Watershed Conditions Statements

March 30, 2019 – After today’s snow and freezing-rain stops, a rainfall in the order of twenty-five millimetres is forecast before the system ends sometime tomorrow. This rainfall, along with runoff from melting snow, is expected to increase water levels and flows in all waterways in the Rideau Valley Watershed.  Furthermore, flooding will most likely to occur in the following areas: The smaller creeks and streams in the lower Rideau Valley Watershed. This would include the low-lying roads and waterfront properties adjacent to the Jock River (near Richmond) and Stevens Creek (near North Gower), and any connected creeks or ditches.…
March 29, 2019 – Since early March, we have experienced a very gradual snow melt with limited precipitation across much of the Rideau Valley Watershed.  In the lower Rideau Valley Watershed (North Grenville and Ottawa) and in the Tay Valley Watershed, there still remains above average snow pack which indicates a potential for above average flooding in low lying areas adjacent to any rivers, creeks or ditches. The current weather forecast indicates that it will remain cool (near freezing) for Saturday and Sunday with a mix of rain, freezing rain, and snow on Saturday.  However, there is uncertainty about how…
March 19, 2019 – Despite some gradual snow melting over the last two weeks, the snowpack throughout the Rideau Valley Watershed remains above average so there is still a potential for above average flooding this spring across the Rideau Valley Watershed, especially in low lying areas which have flooded in the past. However, the current weather forecast until end of March is indicating that daytime temperatures with single digit highs and below zero conditions at night with very little precipitation, so no significant flooding is anticipated in the next week or so.  This could change if the forecast changes (i.e.,…
March 6, 2019 – The winter of 2018-19 has been an old-fashioned winter with lots of snow (over 250 cm to-date) and no significant thaw events. As such, the snowpack throughout the Rideau Valley Watershed is well above average. Current conditions at several RVCA snow course sites are indicating near record water content amounts in the snow for this time of year, generally not seen since the late 1970s.  Based solely on the fact we have above average water content, there is a potential for above average flooding this spring across the Rideau Valley Watershed, especially in low lying areas…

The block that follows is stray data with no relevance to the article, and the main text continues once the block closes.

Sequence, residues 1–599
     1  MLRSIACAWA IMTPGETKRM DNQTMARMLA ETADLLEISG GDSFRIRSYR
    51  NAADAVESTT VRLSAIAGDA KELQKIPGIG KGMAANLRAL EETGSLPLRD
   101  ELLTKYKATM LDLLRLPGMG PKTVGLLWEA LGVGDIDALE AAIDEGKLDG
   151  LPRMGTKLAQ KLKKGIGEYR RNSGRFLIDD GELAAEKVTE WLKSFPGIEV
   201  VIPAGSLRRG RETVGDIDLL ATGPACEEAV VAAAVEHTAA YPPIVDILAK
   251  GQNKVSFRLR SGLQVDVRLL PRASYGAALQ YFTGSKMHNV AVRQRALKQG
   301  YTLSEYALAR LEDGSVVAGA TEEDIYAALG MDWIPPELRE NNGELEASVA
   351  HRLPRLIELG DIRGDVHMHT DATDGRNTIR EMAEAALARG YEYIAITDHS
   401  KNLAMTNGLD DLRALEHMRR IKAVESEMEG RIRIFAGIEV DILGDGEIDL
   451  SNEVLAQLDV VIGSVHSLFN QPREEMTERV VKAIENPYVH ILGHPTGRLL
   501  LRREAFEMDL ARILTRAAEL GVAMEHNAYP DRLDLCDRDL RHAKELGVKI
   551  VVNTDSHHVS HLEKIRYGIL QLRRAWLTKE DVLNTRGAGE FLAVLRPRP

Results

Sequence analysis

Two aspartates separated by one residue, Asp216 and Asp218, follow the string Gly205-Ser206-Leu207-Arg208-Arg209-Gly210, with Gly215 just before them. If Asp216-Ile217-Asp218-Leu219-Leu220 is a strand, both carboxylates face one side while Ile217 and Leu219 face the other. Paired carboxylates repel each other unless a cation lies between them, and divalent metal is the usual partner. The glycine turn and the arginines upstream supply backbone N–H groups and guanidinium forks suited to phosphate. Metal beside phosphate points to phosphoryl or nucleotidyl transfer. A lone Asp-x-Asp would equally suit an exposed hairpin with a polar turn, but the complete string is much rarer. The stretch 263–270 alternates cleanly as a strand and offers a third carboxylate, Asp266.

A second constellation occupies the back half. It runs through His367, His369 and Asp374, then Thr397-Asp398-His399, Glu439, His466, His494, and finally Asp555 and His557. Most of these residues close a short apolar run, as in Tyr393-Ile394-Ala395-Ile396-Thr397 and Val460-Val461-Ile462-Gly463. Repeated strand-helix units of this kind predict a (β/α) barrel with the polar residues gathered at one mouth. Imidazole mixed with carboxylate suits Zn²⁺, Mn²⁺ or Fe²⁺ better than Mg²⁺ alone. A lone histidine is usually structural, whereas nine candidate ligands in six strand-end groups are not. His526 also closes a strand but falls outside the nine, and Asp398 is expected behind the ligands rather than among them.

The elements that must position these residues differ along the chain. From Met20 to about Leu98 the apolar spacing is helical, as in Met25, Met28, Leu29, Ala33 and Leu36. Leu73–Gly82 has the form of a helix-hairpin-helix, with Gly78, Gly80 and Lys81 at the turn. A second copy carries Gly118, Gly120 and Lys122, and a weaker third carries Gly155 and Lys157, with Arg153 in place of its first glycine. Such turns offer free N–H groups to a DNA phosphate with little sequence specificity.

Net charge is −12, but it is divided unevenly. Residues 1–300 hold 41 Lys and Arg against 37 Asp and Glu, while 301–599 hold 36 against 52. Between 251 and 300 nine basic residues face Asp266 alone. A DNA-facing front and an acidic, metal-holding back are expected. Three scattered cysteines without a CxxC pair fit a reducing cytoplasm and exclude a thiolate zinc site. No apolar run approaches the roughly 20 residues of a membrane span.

January 21, 2019 — The current very cold weather and large snow storm yesterday is creating some localized ice jams which can cause significant fluctuations in water levels as ice builds and releases. More specifically, the RVCA has received reports of ice jams in the Tay River at Port Elmsley which is causing flooding of some residential properties. There may be other areas as well where ice jams have formed and are causing localized flooding, especially along the Tay River. Since ice jams can form anywhere that there is open water, it is difficult to predict where or when they can…
December 20, 2018 — A significant weather system is expected to cross through our area over the next two days. Environment and Climate Change Canada is forecasting up to 40 mm of rain starting tonight, Thursday, December 20 through Friday, December 21. The forecast calls for above freezing temperatures during the day on Friday. Water levels across the Rideau Valley watershed are generally normal to slightly below normal and the amount of snow cover is slightly below normal for this time of year. The forecasted heavy rain and warm air temperatures are expected to melt most of the snow on…
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Rideau Valley Conservation Authority
3889 Rideau Valley Drive
Manotick, Ontario K4M 1A5

613-692-3571, 1-800-267-3504



Regular Hours: Monday to Friday, 8:30 a.m. to 4:30 p.m.

Member of: conservation ontario